|This 1886 propaganda poster shows Uncle Sam |
booting a Chinese man back to China. The
poster claims, "The Chinese Must Go!" and is
meant to assure Americans that washing machines
would easily replace Chinese laundry washers.
"Don't say that," my mom responded quickly.
She explained it was an offensive term, used once-upon-a-time as an insult to Chinese immigrants. We talked a little about how Americans treated Chinese immigrants in the past, and about how she and my dad both experienced racism as children when they came to America in the '60s.
Up until that point, I was aware of the concept of racism, but at 11 years old, I hadn't been entirely aware of its reality. But as I got older, I began looking back at and learning more about the environment I grew up in and what being the daughter of an immigrant family really meant.
Why didn't Asians stand up and protest too? I remember thinking after a lesson in the Civil Rights Movement in junior high. I was starting to get angry about racism and injustice, but in the early stages of my teenage years, I had no way to really express what I felt. My friends in school didn't share the questions I had, and most just didn't want to talk about it.
"You were born in America, so why does it matter?" somebody asked.
It mattered. But I stayed quiet. And then in college I learned what "model minority" meant, and I didn't want to stay quiet anymore for the reason that Asian Americans were, and still are, expected to stay quiet--to be a good worker, to keep our heads down.
I often wonder if that's why some feel it is okay to make remarks at or about Asian Americans--because rather than lash out or speak up, the belief is that we'll look the other way and just keep our anger to ourselves. I've been stopped multiple times by strangers on the subway, in elevators, on the street, in stores--all so they can ask me what my ethnicity is, what "kind" of Asian I am, or if I speak Mandarin (or Korean or Japanese or, occasionally, English)--that's all they want to know: if I speak the language. They never need help translating or anything like that; they just want to know if I can speak it. A man once literally grabbed my arm as I was walking up the stairs from the subway to ask me if I spoke Mandarin. When I pulled away and said I had to go, he called me a "rude chink."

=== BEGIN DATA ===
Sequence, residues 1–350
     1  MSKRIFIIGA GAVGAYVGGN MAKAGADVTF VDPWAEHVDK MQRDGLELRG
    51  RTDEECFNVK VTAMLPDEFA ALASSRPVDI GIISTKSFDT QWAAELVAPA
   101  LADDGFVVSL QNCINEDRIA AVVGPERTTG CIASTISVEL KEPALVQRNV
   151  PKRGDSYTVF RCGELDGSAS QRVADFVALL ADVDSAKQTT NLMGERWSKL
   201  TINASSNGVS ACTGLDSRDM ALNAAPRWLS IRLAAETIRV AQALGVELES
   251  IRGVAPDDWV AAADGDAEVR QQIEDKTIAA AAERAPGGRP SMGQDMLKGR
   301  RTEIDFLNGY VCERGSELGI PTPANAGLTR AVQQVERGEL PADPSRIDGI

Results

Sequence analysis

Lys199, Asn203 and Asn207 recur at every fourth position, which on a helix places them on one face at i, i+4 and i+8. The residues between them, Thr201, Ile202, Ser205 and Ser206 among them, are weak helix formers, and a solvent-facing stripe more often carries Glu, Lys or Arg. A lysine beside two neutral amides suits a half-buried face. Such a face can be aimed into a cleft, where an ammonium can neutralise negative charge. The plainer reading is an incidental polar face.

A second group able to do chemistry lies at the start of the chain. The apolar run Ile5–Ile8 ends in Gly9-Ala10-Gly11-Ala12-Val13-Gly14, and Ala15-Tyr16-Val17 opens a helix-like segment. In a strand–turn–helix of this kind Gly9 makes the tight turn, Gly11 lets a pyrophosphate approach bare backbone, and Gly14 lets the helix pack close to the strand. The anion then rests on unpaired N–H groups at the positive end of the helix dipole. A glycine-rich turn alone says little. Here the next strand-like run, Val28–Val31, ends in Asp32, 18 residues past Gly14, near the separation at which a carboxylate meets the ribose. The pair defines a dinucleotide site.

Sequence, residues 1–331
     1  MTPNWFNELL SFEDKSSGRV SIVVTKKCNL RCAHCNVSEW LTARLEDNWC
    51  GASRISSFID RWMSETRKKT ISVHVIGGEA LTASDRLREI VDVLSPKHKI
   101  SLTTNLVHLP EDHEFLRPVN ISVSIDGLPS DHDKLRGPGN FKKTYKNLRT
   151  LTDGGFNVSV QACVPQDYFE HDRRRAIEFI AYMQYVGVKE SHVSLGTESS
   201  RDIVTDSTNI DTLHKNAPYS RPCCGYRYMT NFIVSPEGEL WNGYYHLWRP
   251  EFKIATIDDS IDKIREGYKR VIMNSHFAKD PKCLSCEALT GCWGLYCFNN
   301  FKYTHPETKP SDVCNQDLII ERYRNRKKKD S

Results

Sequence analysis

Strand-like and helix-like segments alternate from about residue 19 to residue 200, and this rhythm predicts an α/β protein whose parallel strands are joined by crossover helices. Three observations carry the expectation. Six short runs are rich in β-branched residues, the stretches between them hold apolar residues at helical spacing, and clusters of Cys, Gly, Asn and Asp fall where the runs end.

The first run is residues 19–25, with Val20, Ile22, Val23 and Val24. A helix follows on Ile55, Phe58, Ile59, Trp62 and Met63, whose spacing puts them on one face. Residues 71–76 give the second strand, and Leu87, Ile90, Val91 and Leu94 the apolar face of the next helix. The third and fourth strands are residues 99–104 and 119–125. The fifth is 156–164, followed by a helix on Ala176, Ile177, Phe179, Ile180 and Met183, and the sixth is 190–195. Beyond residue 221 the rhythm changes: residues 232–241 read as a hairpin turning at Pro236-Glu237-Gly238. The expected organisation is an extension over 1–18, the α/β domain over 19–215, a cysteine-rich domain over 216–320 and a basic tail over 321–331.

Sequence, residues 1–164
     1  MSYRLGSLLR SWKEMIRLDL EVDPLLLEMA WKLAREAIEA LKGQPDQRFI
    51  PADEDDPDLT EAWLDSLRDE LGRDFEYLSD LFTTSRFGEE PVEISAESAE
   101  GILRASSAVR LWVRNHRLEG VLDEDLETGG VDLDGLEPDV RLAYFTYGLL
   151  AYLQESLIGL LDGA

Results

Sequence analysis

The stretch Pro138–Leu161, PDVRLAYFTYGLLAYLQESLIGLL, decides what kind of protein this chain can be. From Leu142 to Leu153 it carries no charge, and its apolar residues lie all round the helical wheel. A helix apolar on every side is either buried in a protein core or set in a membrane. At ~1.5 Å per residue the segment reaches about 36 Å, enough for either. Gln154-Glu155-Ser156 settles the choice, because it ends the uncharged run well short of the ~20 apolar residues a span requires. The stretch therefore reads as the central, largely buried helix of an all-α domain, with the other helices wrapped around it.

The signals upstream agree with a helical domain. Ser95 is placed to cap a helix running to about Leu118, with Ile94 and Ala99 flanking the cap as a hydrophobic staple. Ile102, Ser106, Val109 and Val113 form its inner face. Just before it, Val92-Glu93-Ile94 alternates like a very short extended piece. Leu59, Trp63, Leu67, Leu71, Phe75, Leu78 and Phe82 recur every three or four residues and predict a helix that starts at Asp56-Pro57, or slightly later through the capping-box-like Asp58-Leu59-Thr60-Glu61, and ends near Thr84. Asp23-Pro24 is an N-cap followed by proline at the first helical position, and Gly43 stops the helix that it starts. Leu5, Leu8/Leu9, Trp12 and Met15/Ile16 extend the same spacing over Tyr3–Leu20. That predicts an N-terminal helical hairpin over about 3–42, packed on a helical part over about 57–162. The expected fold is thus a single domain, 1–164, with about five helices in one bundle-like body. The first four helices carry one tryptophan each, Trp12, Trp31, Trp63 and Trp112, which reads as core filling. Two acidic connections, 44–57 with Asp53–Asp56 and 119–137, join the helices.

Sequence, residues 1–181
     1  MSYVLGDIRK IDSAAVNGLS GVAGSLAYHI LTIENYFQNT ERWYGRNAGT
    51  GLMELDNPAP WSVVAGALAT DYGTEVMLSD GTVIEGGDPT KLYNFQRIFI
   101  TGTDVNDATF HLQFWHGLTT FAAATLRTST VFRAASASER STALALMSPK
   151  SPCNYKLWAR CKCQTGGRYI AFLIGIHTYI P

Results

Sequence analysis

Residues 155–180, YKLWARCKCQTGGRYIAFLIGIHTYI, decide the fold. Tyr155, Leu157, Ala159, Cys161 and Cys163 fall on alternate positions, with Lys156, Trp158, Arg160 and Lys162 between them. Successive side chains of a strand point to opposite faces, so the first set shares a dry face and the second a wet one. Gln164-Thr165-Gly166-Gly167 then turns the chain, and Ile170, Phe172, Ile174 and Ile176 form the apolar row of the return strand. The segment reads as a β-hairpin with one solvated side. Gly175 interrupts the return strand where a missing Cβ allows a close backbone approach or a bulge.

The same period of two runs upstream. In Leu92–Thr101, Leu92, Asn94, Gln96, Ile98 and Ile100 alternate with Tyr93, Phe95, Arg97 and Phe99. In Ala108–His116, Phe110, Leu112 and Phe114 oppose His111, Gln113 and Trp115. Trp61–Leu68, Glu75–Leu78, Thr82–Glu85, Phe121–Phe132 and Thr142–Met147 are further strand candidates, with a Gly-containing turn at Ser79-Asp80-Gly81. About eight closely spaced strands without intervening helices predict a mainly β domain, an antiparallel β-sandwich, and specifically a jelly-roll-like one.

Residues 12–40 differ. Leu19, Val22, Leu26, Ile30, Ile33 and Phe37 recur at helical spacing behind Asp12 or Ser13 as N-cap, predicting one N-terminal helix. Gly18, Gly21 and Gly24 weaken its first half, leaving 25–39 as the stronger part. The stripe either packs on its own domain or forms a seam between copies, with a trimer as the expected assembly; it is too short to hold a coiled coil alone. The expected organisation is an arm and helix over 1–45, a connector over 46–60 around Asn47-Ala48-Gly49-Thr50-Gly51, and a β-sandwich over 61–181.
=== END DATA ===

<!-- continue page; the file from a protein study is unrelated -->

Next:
Another time in the grocery store, a man called me a "Jap" and ranted at me about how "my people" ruined everything. He followed me around the store and screamed at me about how I should "go back home" because I didn't belong, and threatened to "finish the war" right then in the produce section.
He was most likely crazy, as I had noticed him earlier talking to himself in one of the aisles. I left and didn't look back--but what bothered me the most was not that this man had threatened me like that. What bothered me was that nobody in the store full of people said or did anything. They all looked, some whispered. Nobody intercepted.
When I started writing this blog post, I wanted to talk about several things: the fake Asiana pilot names, the completely racially insensitive song "Asian Girlz," the community of people angry that a business owner changed his restaurant's name in order to remove the word "chink"... and I realized there were just too many things I wanted to say about all of it.
I've blogged often in the past here about race and identity, and the representation of Asian Americans in society and popular culture. For several reasons having nothing to do with my interest and passion in the issue itself, I stopped. But I think now is absolutely the time I begin again. Now is absolutely the time to not stay quiet.